The Federal Government has insisted that no federal university is allowed to charge tuition fees for students in the country while giving reasons for approving a tuition hike at the University of Lagos (UNILAG).
Mr. David Adejo, the Permanent Secretary, Ministry of Education, said this at a public hearing by the House of Representatives ad hoc committee on student loans in Abuja.
Adejo said that the recent increase in charges by federal universities in the country was unfortunate.
“What they collect are charges to cover the cost of accommodation, ICT, and power, among others. It is the Governing Councils of the Universities that have the power to approve such charges for them.
“The only university that increased charges after the signing of the Student Loan Act is the University of Lagos.
“They came to the Ministry with a proposal to increase their charges because all Governing Councils were dissolved, and we gave them approval.
“Immediately that was done, there was a resolution from the House stopping any increase in fees, and the President also gave a directive stopping any increase in fees, and that is where it is, even though several others have brought their proposals,” he said.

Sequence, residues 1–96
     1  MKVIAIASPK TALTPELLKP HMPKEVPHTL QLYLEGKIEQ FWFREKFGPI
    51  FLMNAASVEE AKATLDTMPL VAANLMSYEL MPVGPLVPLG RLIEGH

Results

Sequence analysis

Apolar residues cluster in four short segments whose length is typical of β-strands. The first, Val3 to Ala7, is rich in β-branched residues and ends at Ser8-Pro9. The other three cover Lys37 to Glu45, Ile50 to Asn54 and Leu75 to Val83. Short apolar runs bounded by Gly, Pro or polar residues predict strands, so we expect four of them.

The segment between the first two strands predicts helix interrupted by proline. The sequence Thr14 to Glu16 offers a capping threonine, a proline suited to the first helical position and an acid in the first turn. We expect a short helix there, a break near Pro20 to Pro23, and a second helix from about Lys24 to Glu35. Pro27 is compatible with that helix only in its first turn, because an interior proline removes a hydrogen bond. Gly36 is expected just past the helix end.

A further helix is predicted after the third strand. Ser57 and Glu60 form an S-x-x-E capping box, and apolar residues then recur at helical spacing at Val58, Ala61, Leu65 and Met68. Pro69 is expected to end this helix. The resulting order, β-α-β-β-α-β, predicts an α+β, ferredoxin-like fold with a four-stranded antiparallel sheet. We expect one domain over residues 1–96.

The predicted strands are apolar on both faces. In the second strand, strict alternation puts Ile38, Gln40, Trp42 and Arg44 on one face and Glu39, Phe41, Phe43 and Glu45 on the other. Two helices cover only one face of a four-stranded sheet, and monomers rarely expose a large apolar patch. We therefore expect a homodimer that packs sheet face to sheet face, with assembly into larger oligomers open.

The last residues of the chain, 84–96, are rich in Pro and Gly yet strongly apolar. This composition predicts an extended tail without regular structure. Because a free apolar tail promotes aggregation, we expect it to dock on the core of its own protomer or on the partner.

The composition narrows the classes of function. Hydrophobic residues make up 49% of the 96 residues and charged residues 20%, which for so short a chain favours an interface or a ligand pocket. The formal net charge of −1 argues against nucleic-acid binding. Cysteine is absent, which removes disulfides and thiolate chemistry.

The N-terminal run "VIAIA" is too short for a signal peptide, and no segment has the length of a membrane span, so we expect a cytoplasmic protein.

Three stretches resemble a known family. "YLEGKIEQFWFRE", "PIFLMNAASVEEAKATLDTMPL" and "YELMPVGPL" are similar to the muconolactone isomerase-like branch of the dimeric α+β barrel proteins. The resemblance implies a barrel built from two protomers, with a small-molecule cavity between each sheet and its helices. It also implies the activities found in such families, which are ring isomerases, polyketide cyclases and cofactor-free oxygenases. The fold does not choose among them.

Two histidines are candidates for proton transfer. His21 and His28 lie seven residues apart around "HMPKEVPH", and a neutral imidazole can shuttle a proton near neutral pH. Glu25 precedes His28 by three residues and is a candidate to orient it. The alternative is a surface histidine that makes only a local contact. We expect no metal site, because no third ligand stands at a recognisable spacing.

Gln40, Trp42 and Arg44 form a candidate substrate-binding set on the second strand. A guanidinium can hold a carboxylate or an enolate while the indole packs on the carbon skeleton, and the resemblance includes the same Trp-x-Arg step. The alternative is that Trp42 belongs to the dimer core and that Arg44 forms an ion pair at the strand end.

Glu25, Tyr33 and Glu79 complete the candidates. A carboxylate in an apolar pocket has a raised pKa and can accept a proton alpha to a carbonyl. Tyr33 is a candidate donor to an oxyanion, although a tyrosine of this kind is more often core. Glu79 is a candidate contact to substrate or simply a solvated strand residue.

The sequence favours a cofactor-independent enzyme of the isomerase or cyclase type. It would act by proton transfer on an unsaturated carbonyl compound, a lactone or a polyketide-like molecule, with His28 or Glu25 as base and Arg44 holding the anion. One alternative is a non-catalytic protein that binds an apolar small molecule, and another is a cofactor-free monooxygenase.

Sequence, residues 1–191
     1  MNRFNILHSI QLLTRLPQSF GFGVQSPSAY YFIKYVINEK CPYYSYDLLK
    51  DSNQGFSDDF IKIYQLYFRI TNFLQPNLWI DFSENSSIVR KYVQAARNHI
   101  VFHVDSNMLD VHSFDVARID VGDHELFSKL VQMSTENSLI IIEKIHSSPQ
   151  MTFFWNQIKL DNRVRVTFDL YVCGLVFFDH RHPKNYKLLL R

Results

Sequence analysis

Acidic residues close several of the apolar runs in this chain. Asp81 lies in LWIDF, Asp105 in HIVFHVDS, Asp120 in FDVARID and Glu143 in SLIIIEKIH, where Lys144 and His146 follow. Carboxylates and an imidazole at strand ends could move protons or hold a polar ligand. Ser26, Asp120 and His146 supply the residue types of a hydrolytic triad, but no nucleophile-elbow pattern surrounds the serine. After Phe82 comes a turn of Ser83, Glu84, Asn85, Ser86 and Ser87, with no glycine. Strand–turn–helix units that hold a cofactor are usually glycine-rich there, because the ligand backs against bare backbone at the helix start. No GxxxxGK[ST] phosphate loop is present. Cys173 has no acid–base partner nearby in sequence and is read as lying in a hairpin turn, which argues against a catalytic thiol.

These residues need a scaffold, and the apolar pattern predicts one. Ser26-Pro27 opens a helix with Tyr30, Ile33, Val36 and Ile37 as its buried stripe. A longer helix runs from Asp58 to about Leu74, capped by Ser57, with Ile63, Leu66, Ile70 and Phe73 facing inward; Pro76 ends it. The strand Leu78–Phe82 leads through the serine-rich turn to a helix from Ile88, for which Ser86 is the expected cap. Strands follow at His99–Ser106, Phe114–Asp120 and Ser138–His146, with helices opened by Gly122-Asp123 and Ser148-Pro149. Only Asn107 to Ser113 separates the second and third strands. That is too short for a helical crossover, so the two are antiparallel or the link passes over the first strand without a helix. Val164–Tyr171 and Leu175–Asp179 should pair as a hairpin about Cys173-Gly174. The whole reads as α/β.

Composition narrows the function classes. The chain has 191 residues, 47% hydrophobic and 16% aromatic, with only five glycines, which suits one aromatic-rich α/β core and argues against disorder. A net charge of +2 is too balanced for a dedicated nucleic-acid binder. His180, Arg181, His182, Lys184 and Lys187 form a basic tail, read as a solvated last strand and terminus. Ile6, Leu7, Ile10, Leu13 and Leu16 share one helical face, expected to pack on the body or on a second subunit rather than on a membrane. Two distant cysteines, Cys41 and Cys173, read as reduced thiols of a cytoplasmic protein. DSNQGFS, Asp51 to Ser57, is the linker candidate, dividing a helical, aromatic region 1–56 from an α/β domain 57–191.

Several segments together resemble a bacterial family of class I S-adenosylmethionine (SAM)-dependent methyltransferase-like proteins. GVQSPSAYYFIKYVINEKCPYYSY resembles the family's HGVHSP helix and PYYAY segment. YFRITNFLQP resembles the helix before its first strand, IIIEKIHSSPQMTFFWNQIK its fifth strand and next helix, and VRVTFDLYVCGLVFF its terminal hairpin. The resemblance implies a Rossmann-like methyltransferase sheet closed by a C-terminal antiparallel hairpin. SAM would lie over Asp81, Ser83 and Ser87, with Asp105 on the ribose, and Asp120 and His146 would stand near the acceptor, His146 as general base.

Adejo claimed that the institutions used the fees they collected to pay for some of their services, such as electricity bills.
He faulted claims that the signing of the Students’ Loan Act was responsible for some of the hike in university charges.
Adejo said that in spite of the charges, the universities had not been able to meet some of their expenses.
He said that modalities had been put in place for the take-off of the student loan scheme in the 2023–2024 academic calendar.
Adejo said that Bola Tinubu had given a directive that all necessary works must be completed on the modalities for the take-off scheme to enable its take-off in September.
The chairman of the committee, Rep. Teseer Ugbor, said the student loan was part of the palliatives provided by the federal government to alleviate the suffering of Nigerians and ensure access to higher education for interested Nigerians.
He, however, expressed concern over the disbursement process, the recovery of the funds from beneficiaries, and the possibility of some students not being able to access the loan.
He called for dialogue in the process of trying to amend the law to ensure that all Nigerian students interested in the loan benefited from it.